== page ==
Any golf course where you have to traverse a railway level crossing to access the car park – such is the proximity to a railway line – always gets the thumbs up from me. Having a steam train going past every hour or so evoked sepia-toned mental images of a bygone era when the railways and grand old golf courses enjoyed a mutually beneficial relationship. Sheringham does have many traditional aspects but it is also a course and club that is thoroughly relevant to the contemporary game with a timeless warm welcome.
The day we visited the course, there were no course planners available, (not sure if this is usually the case) so our method of play was delightfully old school, relying on perception and feel, along with that most modern of innovations: 150 yard markers. This is not a moan, but recognition of how joyful golf can be when simplified to its basics.
I noticed that Sheringham is considered a links course by some due to its inclusion in the coffee table book “True Links” and you can argue the case either way. I consider Sheringham most similar to Crail (Craighead) in Fife or the Glen in East Lothian, though without the drama of its par 3 13th.
The views here are stunning: whether out to sea with shipping and wind turbines, inland to the passing steam train and rolling countryside or all around the course with bright, golden bunkers and gorse framing many fairways and green complexes. If you make away day golf trips for the scenery, Sheringham will not disappoint. If golfing challenge attracts you then this course with some breeze should offer a good test.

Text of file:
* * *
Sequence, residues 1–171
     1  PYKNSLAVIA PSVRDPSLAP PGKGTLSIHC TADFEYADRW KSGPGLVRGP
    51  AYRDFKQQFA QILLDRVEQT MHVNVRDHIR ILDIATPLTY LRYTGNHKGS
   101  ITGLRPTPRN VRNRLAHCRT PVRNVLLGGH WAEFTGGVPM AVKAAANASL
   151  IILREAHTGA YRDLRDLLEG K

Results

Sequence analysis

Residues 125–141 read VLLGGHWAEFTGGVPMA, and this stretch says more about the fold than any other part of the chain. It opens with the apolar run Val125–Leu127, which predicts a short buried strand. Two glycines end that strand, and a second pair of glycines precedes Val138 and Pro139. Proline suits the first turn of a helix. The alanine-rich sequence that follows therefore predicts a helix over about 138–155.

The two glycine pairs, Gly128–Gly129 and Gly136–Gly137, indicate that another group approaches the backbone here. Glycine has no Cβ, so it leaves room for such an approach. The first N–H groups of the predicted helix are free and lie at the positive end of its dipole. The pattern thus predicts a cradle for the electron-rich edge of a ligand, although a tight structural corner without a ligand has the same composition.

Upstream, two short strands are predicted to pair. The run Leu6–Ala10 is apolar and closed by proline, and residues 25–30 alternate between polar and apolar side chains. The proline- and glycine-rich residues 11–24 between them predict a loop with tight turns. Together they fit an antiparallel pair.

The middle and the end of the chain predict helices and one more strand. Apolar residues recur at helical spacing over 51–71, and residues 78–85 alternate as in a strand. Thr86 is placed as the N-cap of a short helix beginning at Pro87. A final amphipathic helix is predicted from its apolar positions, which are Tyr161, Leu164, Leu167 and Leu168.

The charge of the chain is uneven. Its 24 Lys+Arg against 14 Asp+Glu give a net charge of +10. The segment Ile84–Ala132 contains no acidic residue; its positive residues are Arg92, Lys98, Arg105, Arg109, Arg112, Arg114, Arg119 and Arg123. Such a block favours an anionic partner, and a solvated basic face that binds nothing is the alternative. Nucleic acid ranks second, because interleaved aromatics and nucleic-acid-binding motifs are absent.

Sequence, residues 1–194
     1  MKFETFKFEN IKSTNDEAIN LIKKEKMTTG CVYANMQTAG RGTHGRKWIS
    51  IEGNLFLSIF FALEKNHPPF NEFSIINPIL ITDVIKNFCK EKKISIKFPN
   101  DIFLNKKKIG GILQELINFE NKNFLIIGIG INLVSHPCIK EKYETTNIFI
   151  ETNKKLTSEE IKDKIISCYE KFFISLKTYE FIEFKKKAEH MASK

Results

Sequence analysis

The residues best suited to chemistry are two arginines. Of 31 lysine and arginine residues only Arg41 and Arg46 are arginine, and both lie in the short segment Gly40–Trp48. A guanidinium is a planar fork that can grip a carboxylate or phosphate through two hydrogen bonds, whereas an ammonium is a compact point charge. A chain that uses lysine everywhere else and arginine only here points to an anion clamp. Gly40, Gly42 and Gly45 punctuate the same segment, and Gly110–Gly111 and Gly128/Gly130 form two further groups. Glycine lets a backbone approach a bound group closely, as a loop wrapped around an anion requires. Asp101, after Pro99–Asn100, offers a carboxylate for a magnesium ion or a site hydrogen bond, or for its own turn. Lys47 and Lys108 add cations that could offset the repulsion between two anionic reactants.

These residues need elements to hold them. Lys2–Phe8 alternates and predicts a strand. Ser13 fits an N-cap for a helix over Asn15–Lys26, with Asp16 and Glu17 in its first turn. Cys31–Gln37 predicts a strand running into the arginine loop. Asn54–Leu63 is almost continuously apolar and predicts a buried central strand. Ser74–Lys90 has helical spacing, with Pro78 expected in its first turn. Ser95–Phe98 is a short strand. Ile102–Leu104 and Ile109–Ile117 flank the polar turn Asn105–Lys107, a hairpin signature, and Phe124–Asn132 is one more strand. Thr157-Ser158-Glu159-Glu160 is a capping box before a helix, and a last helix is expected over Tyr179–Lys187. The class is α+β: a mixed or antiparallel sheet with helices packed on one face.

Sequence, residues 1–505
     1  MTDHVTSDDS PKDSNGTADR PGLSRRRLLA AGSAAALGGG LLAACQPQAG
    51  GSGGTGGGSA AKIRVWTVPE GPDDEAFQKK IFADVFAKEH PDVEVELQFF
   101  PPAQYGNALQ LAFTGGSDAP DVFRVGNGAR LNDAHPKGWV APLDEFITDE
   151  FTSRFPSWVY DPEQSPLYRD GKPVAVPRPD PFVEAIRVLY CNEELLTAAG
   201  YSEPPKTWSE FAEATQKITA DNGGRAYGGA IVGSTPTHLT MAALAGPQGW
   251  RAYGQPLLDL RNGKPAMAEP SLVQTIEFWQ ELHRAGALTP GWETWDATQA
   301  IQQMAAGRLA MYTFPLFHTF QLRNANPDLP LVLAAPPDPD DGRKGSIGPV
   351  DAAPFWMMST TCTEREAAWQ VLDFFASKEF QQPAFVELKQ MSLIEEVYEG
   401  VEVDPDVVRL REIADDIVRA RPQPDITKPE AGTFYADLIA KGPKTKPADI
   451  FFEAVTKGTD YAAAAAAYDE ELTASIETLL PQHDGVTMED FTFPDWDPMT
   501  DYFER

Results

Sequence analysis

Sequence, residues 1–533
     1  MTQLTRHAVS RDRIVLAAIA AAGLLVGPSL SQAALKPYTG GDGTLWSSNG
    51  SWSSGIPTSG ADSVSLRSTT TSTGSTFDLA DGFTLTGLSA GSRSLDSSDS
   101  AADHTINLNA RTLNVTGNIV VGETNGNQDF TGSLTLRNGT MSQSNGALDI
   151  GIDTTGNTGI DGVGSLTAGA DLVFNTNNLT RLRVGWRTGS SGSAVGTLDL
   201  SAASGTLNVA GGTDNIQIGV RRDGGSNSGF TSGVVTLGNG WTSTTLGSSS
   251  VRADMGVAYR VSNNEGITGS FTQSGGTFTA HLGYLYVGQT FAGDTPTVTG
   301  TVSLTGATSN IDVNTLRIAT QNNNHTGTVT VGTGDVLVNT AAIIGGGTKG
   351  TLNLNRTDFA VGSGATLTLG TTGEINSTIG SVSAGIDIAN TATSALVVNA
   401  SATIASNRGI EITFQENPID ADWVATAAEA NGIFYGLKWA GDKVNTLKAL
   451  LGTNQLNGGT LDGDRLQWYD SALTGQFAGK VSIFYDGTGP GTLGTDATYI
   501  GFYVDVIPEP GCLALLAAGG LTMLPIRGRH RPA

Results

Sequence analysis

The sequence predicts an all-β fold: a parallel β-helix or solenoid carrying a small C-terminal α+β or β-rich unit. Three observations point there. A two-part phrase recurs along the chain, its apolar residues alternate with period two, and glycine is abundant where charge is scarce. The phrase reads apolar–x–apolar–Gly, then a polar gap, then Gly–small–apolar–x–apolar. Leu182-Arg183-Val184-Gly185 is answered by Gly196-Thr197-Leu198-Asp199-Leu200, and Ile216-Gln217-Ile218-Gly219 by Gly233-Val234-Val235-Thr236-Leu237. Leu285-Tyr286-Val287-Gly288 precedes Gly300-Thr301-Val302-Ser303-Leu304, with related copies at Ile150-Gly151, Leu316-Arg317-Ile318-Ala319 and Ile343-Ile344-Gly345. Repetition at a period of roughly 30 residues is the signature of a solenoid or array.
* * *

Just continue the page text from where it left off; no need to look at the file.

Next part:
There are many undulations throughout: holes 5 and 6 both have severe drops from tee to green, with few flat holes, but the walk is never too tiring. Good use is made of the terrain with natural looking green sites such as 1, 4 and 17 built around the same hill. For the first-time visitor, the design is not too intimidating with only three real blind shots – the drive on the 18th and the second shots on the 7th and 16th. Opening the shoulders is not a problem either, as the layout offers many routes to the greens. The greens were true if a little pedestrian in pace during April, although this may be to prevent balls oscillating on the exposed putting surfaces as at Isle of Purbeck.
The minor complaints/observations I would have about the course would be the rather basic 3rd hole, which relies on length uphill for its defence, and the conditioning of the second hole in the latter half of April 2012. There was little definition between rough and fairway, so missing the fairway was no real penalty. However, this was out of keeping with the rest of the course. All in all, an enjoyable day of golf.
Date: April 30, 2012